So, whilst Orik slept, Jasper, Allegra and I, armed with out 15L stock pot (overkill in hindsight) headed out to the other side of the fence, keeping a wary eye out for any unwanted legless visitors (we saw none thankfully) and picked any of those lovely red berries we could find. Once we’d stripped every berry within arms reach and a few more besides we headed inside to remove leaves and stems. We ended up with 640g of berries. We’re following this recipe. I washed my haws as the berries are rightly known, threw them in Hermy the Thermy and gave them 60 mins/100*C/sp slow reverse. I did forget the mashing step but they kind of mashed up pretty well anyway. Martin picked up 1/2kg of white sugar on the way home last night. Normally this is something we never have. Sugar is refined, bleached and totally devoid of anything remotely resembling nutrition and it’s highly addictive but sadly, rapadura doesn’t really cut it for jam making. It’s different in many ways so on the odd occasion I can deal with a little sugar. I tipped my haws into the jelly bag to drain, gathering the liquid in a bowl underneath.
The liquid, around 640g (it works out similar in ml but the Thermy works only in grams) so in went all the sugar – 500g and on to 100/60 mins/sp 2. I checked for gelling. Nope, but close. 15 more minutes and I thought I had it. Into their sterilised jars, clear cellophane covers on and labels on the jars. I’ve checked them this morning now that they’re cool and a little later it will be off with the cellophane and back into Hermy the Thermy for about 30 minutes. No gel, just thick viscous sweet and delicious syrup. Bugger. 😦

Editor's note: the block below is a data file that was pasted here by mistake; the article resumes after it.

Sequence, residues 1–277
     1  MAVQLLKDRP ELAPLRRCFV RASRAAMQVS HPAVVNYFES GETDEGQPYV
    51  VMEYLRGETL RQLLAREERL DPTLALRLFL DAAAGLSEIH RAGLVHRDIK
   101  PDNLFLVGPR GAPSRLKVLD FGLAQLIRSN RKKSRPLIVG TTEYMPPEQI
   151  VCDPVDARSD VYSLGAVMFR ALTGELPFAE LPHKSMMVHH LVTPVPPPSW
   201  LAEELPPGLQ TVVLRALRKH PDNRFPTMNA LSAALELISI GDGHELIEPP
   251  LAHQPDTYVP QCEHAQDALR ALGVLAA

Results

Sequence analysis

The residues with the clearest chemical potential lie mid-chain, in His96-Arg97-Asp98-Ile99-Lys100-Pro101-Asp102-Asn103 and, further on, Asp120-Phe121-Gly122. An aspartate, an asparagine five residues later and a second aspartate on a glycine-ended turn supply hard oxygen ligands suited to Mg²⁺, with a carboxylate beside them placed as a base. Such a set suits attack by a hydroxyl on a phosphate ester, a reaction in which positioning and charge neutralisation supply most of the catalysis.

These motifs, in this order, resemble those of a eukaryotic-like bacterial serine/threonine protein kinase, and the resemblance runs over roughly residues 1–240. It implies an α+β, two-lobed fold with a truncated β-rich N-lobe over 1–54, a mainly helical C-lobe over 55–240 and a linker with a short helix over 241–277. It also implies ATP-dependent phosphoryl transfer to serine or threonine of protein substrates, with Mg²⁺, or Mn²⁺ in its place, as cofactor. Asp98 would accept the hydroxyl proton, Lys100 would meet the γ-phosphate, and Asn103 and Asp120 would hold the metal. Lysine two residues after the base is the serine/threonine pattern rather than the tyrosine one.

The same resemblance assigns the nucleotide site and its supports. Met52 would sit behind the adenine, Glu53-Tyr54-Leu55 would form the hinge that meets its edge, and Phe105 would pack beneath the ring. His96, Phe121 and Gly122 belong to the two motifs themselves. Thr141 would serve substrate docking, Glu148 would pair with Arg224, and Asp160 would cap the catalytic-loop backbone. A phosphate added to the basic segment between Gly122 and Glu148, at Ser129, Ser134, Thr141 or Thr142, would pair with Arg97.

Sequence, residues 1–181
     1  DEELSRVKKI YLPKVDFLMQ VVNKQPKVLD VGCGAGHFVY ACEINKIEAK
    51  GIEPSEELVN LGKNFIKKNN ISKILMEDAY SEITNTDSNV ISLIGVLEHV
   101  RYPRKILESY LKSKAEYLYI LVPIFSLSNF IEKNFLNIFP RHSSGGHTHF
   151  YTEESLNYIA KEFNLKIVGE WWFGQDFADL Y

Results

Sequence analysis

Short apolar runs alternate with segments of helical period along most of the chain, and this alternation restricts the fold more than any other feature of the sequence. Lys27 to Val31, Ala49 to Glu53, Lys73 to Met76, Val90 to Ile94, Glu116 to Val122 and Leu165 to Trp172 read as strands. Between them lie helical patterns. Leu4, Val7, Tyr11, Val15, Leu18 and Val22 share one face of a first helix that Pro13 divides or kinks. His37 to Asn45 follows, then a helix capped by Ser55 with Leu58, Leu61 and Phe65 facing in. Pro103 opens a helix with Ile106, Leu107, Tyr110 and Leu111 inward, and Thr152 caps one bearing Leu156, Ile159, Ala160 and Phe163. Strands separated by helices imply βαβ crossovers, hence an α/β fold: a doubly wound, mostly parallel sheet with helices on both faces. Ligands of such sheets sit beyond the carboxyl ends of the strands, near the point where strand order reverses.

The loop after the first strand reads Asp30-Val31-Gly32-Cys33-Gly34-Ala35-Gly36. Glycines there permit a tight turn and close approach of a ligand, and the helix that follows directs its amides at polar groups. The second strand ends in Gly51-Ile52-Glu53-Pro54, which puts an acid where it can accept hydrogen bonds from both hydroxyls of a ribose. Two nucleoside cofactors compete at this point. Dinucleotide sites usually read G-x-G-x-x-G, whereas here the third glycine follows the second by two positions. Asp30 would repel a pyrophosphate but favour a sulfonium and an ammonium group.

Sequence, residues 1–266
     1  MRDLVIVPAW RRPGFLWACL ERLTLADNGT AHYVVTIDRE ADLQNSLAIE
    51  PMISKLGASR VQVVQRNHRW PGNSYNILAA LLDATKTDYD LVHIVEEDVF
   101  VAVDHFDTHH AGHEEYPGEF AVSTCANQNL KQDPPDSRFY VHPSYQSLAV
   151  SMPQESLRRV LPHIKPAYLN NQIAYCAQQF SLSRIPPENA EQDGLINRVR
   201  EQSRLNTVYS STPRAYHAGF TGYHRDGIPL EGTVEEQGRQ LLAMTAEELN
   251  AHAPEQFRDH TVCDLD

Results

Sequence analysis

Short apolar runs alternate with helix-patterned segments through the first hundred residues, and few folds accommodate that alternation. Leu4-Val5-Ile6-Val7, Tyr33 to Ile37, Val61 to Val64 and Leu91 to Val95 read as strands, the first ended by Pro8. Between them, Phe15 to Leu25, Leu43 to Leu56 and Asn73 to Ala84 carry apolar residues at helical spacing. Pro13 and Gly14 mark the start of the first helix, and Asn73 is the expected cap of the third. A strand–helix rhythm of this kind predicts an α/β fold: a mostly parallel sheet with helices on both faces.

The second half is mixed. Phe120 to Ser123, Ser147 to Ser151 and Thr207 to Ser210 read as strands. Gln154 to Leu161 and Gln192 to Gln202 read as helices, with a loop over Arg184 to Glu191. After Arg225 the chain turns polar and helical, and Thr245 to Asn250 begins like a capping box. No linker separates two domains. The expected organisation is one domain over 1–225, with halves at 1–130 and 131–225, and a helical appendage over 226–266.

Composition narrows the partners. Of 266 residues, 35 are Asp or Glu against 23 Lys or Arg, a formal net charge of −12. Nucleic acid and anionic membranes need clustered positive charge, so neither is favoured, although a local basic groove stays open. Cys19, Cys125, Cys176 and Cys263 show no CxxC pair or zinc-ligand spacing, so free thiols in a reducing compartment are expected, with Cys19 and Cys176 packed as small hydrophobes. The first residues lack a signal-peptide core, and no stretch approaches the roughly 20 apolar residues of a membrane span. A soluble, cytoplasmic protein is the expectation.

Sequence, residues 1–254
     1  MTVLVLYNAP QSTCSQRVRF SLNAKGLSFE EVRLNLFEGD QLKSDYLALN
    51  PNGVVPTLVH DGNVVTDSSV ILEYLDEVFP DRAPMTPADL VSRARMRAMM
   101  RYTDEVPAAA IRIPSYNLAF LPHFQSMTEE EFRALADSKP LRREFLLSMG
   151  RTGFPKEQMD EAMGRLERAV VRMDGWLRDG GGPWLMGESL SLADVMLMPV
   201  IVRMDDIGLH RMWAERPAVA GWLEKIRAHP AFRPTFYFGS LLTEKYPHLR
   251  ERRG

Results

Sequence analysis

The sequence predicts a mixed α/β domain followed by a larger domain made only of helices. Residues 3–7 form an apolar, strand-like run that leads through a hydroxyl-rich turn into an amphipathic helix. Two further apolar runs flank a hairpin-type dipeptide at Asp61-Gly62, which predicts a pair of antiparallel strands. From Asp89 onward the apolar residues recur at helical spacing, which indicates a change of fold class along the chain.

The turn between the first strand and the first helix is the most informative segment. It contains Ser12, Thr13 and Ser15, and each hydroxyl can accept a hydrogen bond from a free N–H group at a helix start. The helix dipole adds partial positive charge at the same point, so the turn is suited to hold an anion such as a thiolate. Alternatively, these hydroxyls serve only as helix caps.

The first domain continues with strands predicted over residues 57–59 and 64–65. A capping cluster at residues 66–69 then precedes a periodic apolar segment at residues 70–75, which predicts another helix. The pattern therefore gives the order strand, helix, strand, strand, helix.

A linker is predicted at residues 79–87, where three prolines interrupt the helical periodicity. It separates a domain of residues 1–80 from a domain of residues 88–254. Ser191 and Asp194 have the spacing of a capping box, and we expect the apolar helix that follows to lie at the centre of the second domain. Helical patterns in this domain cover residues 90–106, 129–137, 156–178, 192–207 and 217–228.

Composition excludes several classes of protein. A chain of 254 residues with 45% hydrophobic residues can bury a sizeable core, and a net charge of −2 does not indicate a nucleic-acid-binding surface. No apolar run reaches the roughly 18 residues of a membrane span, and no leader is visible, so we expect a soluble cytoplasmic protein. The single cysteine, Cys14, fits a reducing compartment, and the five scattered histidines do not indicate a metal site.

Well, you live and learn and I’ve always been a little premature on the gel front. Except for the lemon marmalade I made whilst on the phone to Ing a few years back. That stuff was nearly teeth breaking! I have it on good authority that it was delicious though but I cannot attest to that being truth. Who in their right mind eats lemon peel in any way shape or form. Any peel for that matter. Bleuch!
Well, when they’re done I’ll share a photo of my 3 finished jars. 🙂
I would like to get into wild harvesting a lot more but I know I need to learn a lot more before I do. I would simply adore to be able to safely and confidently go mushrooming but I might stick to buying used mushroom compost for now or a grow your own kit. There’s too much at stake to play around with mushrooms. Or any wild harvest when you don’t have the knowledge to be honest. Still, it’s exciting to know that there is food just waiting to be discovered and picked. 🙂
Lunch was a simple affair here today. Salad, scrambled eggs and some fried polenta from the other night. Yum. The salad however deserves a YUM instead of just a yum. It was so full of flavour that if I had any doubts about the wisdom of growing our own then they are totally allayed by the taste of my lunch. The spinach was fresh, crisp and delicious. The rocket was actually so spicy it burned my tongue a little. The tomatoes, albeit very small, packed a punch well above their weight and the radishes burned my tongue quite badly. Whoo pepper! The only lacklustre vegetable was the capsicums but they weren’t bad.